Economic Left/Right: -9.88
      Social Libertarian/Authoritarian: 1.62

    •  left-wing conservative Democrat. (4+ / 0-)
      Recommended by:
      Skaje, Gygaxian, KyleinWA, jncca

      I tend to be around the mainstream of Dems in how that turns out, but like you and jncca I don't care much about guns. On the environment I thought I was an environmentalist where I grew up, in a conservative rural area, but compared to people I've experienced since then in Eugene and Portland, I guess I'm much more moderate. I think I tend to be for slow progress, which can manifest itself in ways like how, while I've never been against gay marriage, I just didn't think it should be a priority until the last few years because it wasn't popular enough until a critical mass of millenials joined the voting population. Ultimately in cultural issues I believe in preserving traditional culture and society, but I think that self-determination for individuals is a more compelling interest.

      I've moderated a lot in recent years generally, but I am still very communitarian in economics. I'd really hesitate to call myself a socialist since I think my views are more classically conservative in inspiration. That's why I have the weird label I give myself. I believe in a strong, though not unnecessarily large, state. I believe in mutual obligation. I believe humans are irrational. I don't believe that there is a particular direction to history. I don't really like Locke, or Rawls, or Marx, and only some limited parts of J.S. Mill.

      "I join Justice Ginsburg's dissent in full." - Clarence Thomas in Philip Morris USA v. Williams

      by James Allen on Tue Mar 11, 2014 at 01:06:42 PM PDT

      [ Parent ]

      •  Reminds me of Gore Vidal (0+ / 0-)

        He described himself as one of the only true American conservatives.

        "Once, many, many years ago I thought I was wrong. Of course it turned out I had been right all along. But I was wrong to have thought I was wrong." -John Foster Dulles. My Political Compass Score: -4.00, -3.69, Proud member of DKE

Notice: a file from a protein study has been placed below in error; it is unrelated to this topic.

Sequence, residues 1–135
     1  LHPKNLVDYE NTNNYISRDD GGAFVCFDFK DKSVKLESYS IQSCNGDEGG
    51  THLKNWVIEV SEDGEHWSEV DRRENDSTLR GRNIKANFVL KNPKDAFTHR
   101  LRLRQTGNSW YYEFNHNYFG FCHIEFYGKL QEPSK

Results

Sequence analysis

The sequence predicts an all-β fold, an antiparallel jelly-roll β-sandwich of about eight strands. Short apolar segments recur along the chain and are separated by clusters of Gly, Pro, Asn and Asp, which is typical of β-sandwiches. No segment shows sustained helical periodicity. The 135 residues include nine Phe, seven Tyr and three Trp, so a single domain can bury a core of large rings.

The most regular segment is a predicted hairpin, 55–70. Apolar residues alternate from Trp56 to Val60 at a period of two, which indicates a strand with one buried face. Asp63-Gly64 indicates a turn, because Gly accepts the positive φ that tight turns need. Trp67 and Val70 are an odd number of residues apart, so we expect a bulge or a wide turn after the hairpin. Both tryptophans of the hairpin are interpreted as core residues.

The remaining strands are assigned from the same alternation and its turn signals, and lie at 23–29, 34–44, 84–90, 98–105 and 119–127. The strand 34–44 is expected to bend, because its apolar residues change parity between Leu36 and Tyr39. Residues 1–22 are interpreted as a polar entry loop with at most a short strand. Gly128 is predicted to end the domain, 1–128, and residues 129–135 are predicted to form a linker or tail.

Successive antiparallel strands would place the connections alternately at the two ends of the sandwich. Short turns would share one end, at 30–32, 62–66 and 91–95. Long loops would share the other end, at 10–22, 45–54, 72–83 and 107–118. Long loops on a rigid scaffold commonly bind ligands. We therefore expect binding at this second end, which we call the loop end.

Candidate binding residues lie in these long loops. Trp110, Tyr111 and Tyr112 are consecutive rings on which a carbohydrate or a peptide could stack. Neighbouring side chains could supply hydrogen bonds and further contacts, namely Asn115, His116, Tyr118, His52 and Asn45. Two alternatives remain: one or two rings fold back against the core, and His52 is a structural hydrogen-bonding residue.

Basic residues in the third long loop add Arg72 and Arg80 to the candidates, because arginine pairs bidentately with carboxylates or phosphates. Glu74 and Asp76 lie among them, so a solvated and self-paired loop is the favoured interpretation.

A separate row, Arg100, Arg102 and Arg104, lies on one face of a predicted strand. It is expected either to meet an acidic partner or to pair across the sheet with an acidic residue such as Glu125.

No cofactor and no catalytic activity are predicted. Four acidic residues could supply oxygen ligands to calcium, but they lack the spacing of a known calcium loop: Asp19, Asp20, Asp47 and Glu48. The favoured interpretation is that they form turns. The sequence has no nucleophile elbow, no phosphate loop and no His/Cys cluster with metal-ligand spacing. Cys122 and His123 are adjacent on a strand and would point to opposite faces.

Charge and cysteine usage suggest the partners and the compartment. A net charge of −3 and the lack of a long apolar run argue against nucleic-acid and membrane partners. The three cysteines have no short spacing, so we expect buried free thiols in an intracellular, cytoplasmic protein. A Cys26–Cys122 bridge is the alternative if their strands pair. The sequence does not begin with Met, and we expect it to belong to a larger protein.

by ArkDem14 on Tue Mar 11, 2014 at 01:24:12 PM PDT

        [ Parent ]

    •  I generally identify myself, (1+ / 0-)
      Recommended by:
      Skaje

      as my Twitter profile shows, as a pragmatic, partisan, progressive Democrat. I also sometimes think of myself as a "big-government liberal".

      My political compass scores are in my signature, but I don't think that the quiz accurately portrays my beliefs. Since I'm not very religious, it seems to think that I'm substantially more libertarian than I am (and, as you know, I'm not libertarian at all). The quiz puts me in the lower-left quadrant, but I should probably be in the upper-left.

      My foreign policy beliefs don't correspond neatly to either Democratic or Republican orthodoxy. On foreign policy, I'm neither a liberal nor a conservative, neither a hawk nor a dove. I don't have one overarching doctrine, instead I generally look at situations on a case-by-case basis to determine the best course of action.

      For me, the most important issues are the environment, spending/taxes, health care, and immigration, in that order. The main issues that I don't really care about are capital punishment and most urban-related issues. As for Dem-consensus issues that I disagree with, well, I think you all know that.

      I have not yet found a politician whose political positions are all exactly in line with mine. I'm sure there are a few out there, but none that I know of.

      (-8.38, -4.72), CT-02 (home), ME-01 (college) "The needs of the many outweigh the needs of the few, or the one." -Spock

      by ProudNewEnglander on Tue Mar 11, 2014 at 01:15:11 PM PDT

      [ Parent ]

      •  I feel like an easy way to describe you is a (0+ / 0-)

        liberal Bloomberg, but that just shows how there isn't anyone who actually is identical to you.

        21, CA-18 (home), CA-13 (school)
        politicohen.com
        Idiosyncratic, pro-establishment. Liberal, not progressive. For the poor, the children, the planet, and the rule of law.
        UC Berkeley; I think I'm in the conservative half of this city.